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New York Markets After Hours

Need to Know

Aug. 21, 2019, 9:37 a.m. EDT

Investors aren’t paying enough attention to this big risk lying in wait for stocks, says John Hancock strategist

Critical information for the U.S. trading day

By Barbara Kollmeyer, MarketWatch


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Ojo

Caution is a such a fleeting thing.

The S&P 500 (S&P:SPX)  looks ready to get back up and fight Wednesday, a day after recession worries and fresh Italian political upheaval stopped a three-session winning streak. Investors are no doubt hoping for interest-rate cut reassurance from the Federal Reserve meeting minutes due later. On the speaking circuit, Minneapolis Fed’s Neil Kashkari pounded the table for a rate cut in September, while San Francisco Fed President Mary Daly said recession is not on the horizon.

That’s all ahead of Friday’s big show—Fed Chairman Jerome Powell’s appearance in Jackson Hole.

Read: Minneapolis Fed’s Kashkari says central bank should use forward guidance at next meeting

You can’t blame investors for wanting to stay upbeat and believe in this bull market. But, as they say, know your blind spots. Our call of the day is from Matthew Miskin, co-chief investment strategist at John Hancock Investment Management, who says he has spotted a big one.

“The biggest risk we see right now is the expectations of earnings growth that is being baked in by the Street for the S&P 500 for 2020, which is remarkably high,” Miskin told MarketWatch in an interview earlier this week.

How high? Wall Street analysts are expecting 10.5% earnings growth in 2020 for the S&P, he says, adding that we’d “need to see a significant change in the macro backdrop to achieve that type of earnings growth.”

And that’s as 2019 is only expected to produce earnings growth of 1%, after a pretty flat couple of quarters so far this year. Expectations for a ramp-up of earnings in the third quarter and blowout gains in the fourth quarter are also dubious, he says.

Read: Stock-market volatility is not going away, says head of big New York pension fund

Having said that, he does prefer U.S. stocks—technology, health care and companies that represent the things and services consumers can’t do without, the staples. As we move into that 2020 election year, he thinks investors are blind to another sector that could benefit from fiscal stimulus plans or discussions. Think utilities, pipelines, electrical grids—global infrastructure plays, which are underrepresented in investor portfolios, he says.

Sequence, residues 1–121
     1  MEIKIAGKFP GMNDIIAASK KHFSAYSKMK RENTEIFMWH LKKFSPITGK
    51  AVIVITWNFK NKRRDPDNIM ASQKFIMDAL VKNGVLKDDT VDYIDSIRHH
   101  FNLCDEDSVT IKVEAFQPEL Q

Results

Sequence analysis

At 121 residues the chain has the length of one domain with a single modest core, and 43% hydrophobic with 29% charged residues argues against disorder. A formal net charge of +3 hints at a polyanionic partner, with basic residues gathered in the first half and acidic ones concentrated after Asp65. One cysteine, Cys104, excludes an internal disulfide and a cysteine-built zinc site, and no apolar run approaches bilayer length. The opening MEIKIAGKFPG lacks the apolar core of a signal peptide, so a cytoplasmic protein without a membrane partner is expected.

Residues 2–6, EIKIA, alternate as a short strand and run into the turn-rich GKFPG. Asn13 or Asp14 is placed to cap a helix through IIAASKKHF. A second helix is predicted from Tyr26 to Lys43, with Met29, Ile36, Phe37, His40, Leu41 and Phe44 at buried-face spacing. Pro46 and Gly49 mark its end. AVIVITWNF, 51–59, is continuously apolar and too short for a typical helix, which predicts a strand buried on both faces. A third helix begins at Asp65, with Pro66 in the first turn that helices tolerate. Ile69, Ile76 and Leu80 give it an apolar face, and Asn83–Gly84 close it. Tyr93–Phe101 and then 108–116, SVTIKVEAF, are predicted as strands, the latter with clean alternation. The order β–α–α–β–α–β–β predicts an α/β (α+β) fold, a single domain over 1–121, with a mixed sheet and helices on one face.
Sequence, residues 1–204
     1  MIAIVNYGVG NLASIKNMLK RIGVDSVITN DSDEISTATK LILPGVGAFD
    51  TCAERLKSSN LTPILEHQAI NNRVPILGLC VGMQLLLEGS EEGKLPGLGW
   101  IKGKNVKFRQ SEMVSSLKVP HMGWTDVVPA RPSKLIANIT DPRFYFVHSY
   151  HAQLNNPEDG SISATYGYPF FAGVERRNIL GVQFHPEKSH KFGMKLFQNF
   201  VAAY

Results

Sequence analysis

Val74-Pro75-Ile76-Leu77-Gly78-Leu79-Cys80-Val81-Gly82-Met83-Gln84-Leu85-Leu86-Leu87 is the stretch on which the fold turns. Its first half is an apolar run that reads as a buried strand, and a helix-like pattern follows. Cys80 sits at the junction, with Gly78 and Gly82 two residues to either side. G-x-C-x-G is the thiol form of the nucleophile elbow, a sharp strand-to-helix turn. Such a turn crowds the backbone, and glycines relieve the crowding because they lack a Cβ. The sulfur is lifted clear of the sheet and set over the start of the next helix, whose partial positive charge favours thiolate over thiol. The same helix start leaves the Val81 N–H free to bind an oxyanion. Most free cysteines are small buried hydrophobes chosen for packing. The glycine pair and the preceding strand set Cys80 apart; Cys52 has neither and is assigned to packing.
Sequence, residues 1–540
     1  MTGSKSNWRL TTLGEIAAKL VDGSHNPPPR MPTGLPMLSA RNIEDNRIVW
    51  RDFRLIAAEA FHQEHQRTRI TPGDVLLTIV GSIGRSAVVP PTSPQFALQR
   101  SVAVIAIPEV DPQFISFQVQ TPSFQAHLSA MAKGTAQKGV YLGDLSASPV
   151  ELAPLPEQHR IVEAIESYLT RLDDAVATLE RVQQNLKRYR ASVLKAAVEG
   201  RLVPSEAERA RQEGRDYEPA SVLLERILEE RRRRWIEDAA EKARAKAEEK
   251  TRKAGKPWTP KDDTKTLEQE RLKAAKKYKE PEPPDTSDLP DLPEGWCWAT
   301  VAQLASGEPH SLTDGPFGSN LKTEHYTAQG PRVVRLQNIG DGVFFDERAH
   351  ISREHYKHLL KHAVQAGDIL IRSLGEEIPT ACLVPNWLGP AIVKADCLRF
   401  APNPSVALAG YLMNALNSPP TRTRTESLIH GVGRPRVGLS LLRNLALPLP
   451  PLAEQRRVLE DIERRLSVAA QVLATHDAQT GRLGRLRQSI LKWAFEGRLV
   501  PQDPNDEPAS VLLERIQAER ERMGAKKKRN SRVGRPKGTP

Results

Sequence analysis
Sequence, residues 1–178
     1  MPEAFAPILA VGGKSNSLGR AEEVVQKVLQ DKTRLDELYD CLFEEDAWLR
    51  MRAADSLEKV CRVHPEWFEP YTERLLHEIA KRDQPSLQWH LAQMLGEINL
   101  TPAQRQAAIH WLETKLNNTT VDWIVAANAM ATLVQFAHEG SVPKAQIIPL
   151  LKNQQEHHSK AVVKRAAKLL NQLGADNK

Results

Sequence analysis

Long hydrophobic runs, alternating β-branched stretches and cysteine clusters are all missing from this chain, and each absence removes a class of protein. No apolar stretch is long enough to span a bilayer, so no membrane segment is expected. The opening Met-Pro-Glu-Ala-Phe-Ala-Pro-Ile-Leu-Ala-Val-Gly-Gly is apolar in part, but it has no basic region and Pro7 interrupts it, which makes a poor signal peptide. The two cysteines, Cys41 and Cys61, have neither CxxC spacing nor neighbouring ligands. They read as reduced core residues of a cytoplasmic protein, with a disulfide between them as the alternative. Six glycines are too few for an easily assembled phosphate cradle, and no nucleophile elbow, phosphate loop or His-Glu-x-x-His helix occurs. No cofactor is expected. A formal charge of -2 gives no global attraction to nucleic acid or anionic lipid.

“It’s what people need versus what they want. If you saw an economic slowdown, people are still going to need their water, they’re still going to need to turn on the lights…they’re still probably going to be on their cellphone,” said Miskin. In other words, these are the last things consumers will spend money on, making for another solid defensive play if the global economy is headed for tough times.

“If governments start to spend more on it, it could be a growth asset class,” he adds.

The market

/zigman2/quotes/210598024/delayed I945 22,365.34, +267.40, +1.21%
Italian stocks à go-go

Risk appetite is in the air, with the Dow (DOW:DJIA)  , S&P (S&P:SPX)   and Nasdaq (AMERICAN:COMP)   all trading higher. Gold (NYM:GCZ19) is down and oil is rising on hints of falling U.S. crude supplies. The dollar (IFUS:DXY) is flat.

Europe stocks (STOXX:XX:SXXP) are higher, led by Italian equities (BORSA:IT:I945) , which are taking off as investors wait for news of fresh elections after Prime Minister Giuseppe Conte’s exit. Asia (S&P:AU:XJO)  struggled, with Australian stocks (S&P:AU:XJO) leading a decline with a 1% drop.

On the bond beat, Germany sold 30-year bonds offering no interest for the first time ever.

The buzz

Among retailers shares of Lowe’s (NYS:LOW)  and Target (NYS:TGT)  are climbing after forecast-beating results. Walmart (NYS:WMT)  is suing Tesla (NAS:TSLA)  over roof fires at several of its stores that the retailer says were caused by the electric-car maker’s solar panels.

Kinder Morgan (NYS:KMI)  is up after the energy transportation and storage company said it will sell the U.S. portion of the Cochin Pipeline (NYS:PBA)   for $1.55 billion to Pembina (NYS:PBA)  

Hong Kong unrest may have forced Chinese conglomerate Alibaba (NYS:BABA)  to postpone its stock listing in the region.

Existing-home sales figures are coming after the stock market opens, and, later in the day, those Fed minutes.

Thousands of customers of movie-ticket subscription company MoviePass—owned by Helios & Matheson Analytics (OTC:HMNY) may have had their credit-card data exposed.

The quote

“Deeply insulting to the people of Greenland and Denmark.”—That was Helle Thorning-Schmidt, former prime minister of Denmark, in a Twitter reaction to news that President Trump has canceled his official visit to the country over a spurned plan to buy Greenland.

Plus: Jewish Americans protest Trump’s comment that Democratic vote is ‘disloyal’

The tweet

The Internet is in an uproar after reports of a dispute over Spider-Man profit-sharing between Disney (NYS:DIS)  and Sony (NYS:SNE) . Sony owns the film rights to the character, who may now not appear in future movies made by Disney.

Random reads

Prayers for the Amazon after daytime blackout in Sao Paolo caused by fires

Trump backed off supporting stronger background checks for potential gun owners.

Saudi women travel without permission from men for the first time.

French musician seeking sounds of nature killed by bear.

Struggling families in the U.K. are living in shipping containers.

Stop wasting everyone’s time reposting this Instagram terms-of-service hoax.

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